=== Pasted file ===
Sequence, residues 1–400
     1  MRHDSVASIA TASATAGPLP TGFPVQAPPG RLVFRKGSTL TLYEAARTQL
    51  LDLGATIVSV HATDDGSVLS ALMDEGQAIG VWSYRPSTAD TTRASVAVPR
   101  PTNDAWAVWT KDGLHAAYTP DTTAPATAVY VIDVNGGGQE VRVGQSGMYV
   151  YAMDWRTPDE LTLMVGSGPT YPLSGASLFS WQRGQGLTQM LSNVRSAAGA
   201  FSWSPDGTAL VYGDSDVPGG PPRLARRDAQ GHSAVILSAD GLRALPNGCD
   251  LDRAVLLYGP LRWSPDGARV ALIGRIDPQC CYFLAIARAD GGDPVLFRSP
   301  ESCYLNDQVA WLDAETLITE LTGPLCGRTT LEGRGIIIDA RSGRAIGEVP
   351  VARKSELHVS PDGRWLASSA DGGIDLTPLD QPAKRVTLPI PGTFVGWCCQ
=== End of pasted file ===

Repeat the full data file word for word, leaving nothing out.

Sequence, residues 1–400
     1  MRHDSVASIA TASATAGPLP TGFPVQAPPG RLVFRKGSTL TLYEAARTQL
    51  LDLGATIVSV HATDDGSVLS ALMDEGQAIG VWSYRPSTAD TTRASVAVPR
   101  PTNDAWAVWT KDGLHAAYTP DTTAPATAVY VIDVNGGGQE VRVGQSGMYV
   151  YAMDWRTPDE LTLMVGSGPT YPLSGASLFS WQRGQGLTQM LSNVRSAAGA
   201  FSWSPDGTAL VYGDSDVPGG PPRLARRDAQ GHSAVILSAD GLRALPNGCD
   251  LDRAVLLYGP LRWSPDGARV ALIGRIDPQC CYFLAIARAD GGDPVLFRSP
   301  ESCYLNDQVA WLDAETLITE LTGPLCGRTT LEGRGIIIDA RSGRAIGEVP
   351  VARKSELHVS PDGRWLASSA DGGIDLTPLD QPAKRVTLPI PGTFVGWCCQ